Let us take a typical industry value chain at play in many sectors around us. As we see in the exhibit above, how raw materials move to become finished goods in the hands of consumers, with the business being at the center and being an orchestrator of this value chain in terms of demand & supply planning, pricing, etc.
A company or a sector is said to be vertically integrated if a company(s) usually control many activities. They become horizontal when they decide to outsource a business activity. Or the industry itself sees changes where a business activity can become completely modular in nature, compelling the participants to act.
Such level of modularity brings B2B business opportunities. A B2B business may provide manufacturing capabilities to a business; we call this an example of upstream modularity. Then there are B2B businesses that help companies run better distribution operations; this is an example of downstream modularization.
Note that this level of modularity already exists. There are factories already providing manufacturing to businesses and distributors aiding business in their demand network planning. What is novel today is that technology is going to disrupt these existing, often fragmented, and dare I say, inefficient businesses.
They could complement them, short term, or replace them over the long term. This is the India context that is exciting and much of what drives our and startup industry`s excitement.
Our portfolio company Groyyo operates in upstream modularity, essentially making manufacturing in the apparel industry plug & play with smaller factories. Another portfolio company Depo24 is an example of downstream modularity which is building a new-age distribution channel for Home Improvement market.
Further, we think that technology enables new business models and new modularity in the value chain, at scale. Thus, more B2B opportunities. Essentialy, a logistic and trade finance company which is looked from LogisticTech and Fintech lens are examples of B2B businesses than can be explained from broader underlying trend around modularity, as seen below in the Exhibit.
D2C brands and adjacent business models are gaining traction because of modularity. Lots of components of upstream and downstream value chain are modular in nature, reducing time to market significantly.
The value vectors of evaluating a B2B business
At Sparrow Capital, we talk a lot about which value vector(s) a particular business will be built on. Is it price, quality, and among other things, convenience. Or a combination of value vectors?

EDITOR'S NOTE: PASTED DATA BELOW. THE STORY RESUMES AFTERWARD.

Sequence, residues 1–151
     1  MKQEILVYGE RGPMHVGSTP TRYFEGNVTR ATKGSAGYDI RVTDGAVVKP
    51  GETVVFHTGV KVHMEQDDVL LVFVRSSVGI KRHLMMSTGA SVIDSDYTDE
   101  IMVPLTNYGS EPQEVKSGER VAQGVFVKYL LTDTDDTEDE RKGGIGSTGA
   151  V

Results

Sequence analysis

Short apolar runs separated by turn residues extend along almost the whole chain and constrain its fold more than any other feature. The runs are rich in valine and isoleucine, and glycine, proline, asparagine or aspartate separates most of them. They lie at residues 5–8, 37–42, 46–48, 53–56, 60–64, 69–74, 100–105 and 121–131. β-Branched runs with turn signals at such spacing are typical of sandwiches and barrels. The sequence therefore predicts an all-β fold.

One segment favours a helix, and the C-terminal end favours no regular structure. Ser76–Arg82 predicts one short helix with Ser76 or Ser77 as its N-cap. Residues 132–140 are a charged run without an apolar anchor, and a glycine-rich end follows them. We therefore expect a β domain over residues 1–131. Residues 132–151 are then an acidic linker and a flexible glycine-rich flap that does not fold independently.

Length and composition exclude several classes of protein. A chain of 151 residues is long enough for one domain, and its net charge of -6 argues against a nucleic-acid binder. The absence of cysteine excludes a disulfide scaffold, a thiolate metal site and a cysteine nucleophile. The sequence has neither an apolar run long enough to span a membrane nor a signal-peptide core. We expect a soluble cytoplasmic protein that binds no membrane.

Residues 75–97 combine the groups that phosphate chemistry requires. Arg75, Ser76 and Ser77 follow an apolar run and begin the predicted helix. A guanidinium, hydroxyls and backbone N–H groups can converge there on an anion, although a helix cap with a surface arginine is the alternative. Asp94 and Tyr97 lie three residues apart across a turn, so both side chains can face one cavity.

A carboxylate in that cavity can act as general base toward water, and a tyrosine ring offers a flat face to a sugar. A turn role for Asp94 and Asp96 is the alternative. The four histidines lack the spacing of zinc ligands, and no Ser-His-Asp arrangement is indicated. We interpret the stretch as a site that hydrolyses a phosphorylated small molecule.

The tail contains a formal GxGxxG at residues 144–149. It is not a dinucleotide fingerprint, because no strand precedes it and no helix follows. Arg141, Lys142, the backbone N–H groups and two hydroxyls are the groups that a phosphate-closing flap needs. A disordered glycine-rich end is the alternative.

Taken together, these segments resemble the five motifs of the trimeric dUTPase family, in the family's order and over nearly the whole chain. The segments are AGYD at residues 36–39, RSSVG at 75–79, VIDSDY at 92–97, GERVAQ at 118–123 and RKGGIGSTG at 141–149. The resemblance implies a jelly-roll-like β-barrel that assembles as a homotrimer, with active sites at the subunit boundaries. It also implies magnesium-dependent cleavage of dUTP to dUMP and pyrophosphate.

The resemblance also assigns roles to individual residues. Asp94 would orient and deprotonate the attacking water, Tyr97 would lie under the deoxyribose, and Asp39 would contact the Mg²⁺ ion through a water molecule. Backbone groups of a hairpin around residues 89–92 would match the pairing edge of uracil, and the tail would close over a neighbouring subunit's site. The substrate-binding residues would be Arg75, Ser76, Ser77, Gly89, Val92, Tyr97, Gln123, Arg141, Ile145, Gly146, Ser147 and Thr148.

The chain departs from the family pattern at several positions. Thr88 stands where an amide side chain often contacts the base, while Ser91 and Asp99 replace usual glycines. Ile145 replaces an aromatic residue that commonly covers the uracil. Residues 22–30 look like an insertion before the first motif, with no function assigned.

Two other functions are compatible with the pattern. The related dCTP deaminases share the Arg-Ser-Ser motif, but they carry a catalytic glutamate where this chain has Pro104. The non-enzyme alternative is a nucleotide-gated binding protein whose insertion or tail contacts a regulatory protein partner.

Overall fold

For us, it’s an important way to understand what capabilities the founding team will have to invest capital into. It brings focus in capital allocation decisions. We are going to talk about value vectors a lot in investment theses and research.
In the B2B context, we think the following value vectors are at play.
1. Credit: When you are helping a business improve its AP and AR by extending credit to suppliers or channel partners. This is helpful when businesses do not want to underwrite credit risk to a section of stakeholders. Example, FMCG.
2. Price: When you are providing something cheaper than what is the next best alternative either by genuine business model innovation or at the expense of discounts, hoping customers will eventually move to you, valuing convenience. Example, Imports.
3. Fulfillment: When you make fulfillment more efficient and transparent, for example those in exports or when you build fulfillment capabilities for complicated supply chains, for example, those requiring cold storage or high value products. Example, Fruits and Vegetables or Jewelry.
4. Discovery: When you help businesses discover new suppliers or provider better discovery to its customers or downstream stakeholders. This is usually helpful when a category has large SKUs, customization, and high catalogue turnover. Example, Fashion
5. Quality: When you help a business achieve modularity/outsource in categories where quality is very important for doing business with stakeholders. Example, Specialty chemicals
More importantly, I would also add that the above list is a pecking order with Quality being of highest importance than Credit. We see that the role of technology becomes even more important in solving for value vectors such as Quality and Discovery. For example, solving for quality using technology in an industry which relies on manual checks is non-trivial. So is building for discovery in a tech product — think 1000s of searchable SKUs, digitized catalogue, etc.
B2B businesses operating in categories where, for example, Quality and Discovery are primary value vectors will typically see high gross margins. For example, in specialty chemicals, GMs could range between ~30–40%. Combined with technology, these businesses shall have long term sustainable competitive advantage and such companies will command premium over others.